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--Neal Kimberley is an FX market analyst for Reuters. The opinions expressed are his own--
By Neal Kimberley
LONDON, July 6 (Reuters) - Going short of euros against the Russian rouble might have some merit after Thursday's European Central Bank (ECB) interest rate cut.
The euro has broken below its 200-day moving average (dma) against the rouble and may be poised to test its 55-dma, which is currently at 40.1675.
And while a move to the 100-day level, at 39.5727 on Friday, may be less likely, it cannot be completely ruled out.
The ECB's decision to cut its main interest rate to 0.75 percent and its deposit rate to zero on Thursday could prompt the foreign exchange market to use the euro as a funding currency against holdings of higher yielding currencies.
The rouble may be one of those higher yielders.
While the ECB has eased again, Russia's central bank is keeping monetary policy tight.
It left the refinancing rate at 8 percent, the fixed one-day repo rate at 6.25 percent, and the deposit rate at 4 percent on June 15. [ID: nR4E7JO029]
Its policy stance is likely to have been reinforced by Wednesday's data, which showed Russia's annual inflation rate jumped to 4.3 percent in June from 3.6 percent in May.
If the central bank of Russia held monetary policy tight in the first five months of 2012 when inflation fell, it is hardly likely to become more accommodative when the pace of price rises is picking up.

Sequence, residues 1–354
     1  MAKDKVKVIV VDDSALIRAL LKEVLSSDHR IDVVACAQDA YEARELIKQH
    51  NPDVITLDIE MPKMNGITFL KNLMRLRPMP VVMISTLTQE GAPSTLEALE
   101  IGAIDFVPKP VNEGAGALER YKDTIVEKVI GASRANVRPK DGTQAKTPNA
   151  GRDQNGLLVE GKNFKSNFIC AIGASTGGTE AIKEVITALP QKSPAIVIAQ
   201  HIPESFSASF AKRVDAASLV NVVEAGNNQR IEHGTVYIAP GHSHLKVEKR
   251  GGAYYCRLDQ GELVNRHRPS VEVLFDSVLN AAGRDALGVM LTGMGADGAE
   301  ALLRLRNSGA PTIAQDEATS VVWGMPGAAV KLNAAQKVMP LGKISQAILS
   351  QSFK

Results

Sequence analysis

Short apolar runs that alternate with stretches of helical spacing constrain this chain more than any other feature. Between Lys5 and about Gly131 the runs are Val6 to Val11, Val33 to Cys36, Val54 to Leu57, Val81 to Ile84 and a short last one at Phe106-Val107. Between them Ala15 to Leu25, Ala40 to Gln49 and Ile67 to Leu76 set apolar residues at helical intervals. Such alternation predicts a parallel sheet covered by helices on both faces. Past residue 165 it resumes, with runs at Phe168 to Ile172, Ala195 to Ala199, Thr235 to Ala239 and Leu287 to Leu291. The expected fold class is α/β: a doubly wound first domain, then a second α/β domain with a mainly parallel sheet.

The rouble might also have some fundamental advantages too, at least in the short term.
Oil and grain prices have ticked back up recently, with potential economic benefits for Russia who is a major exporter of both.
Notwithstanding ongoing Middle East tensions over Iran's nuclear programme, Saudi Arabia on Thursday raised the August official selling price for its light crude for Asia and Europe from July.
Wednesday already saw the price of Russian Urals oil rise and cargoes in the Mediterranean trading at a premium to Brent for the first time since February.
That rally in Russian Urals continued on Thursday as industrial unrest in Norway continued to hit Norwegian oil output.
Of course the oil price could turn lower again, but at current levels it could enhance the allure of the rouble.
Developments in the grain market could also support the rouble.
Corn buyers in Asia, who account for just under half of the world's imports, have been caught on the wrong side of the market as worsening U.S. drought threatens to squeeze global supplies, driving prices to a 10-month top.
Even though the size of Russia's own grain crop has been hit by drought, higher global prices must help.
European wheat hit a fresh contact high on Thursday. Wheat is a major export for Russia.
Oil, grain and a tight Russian monetary policy may make the rouble an attractive July buy against the euro. (Editing by Swaha Pattanaik)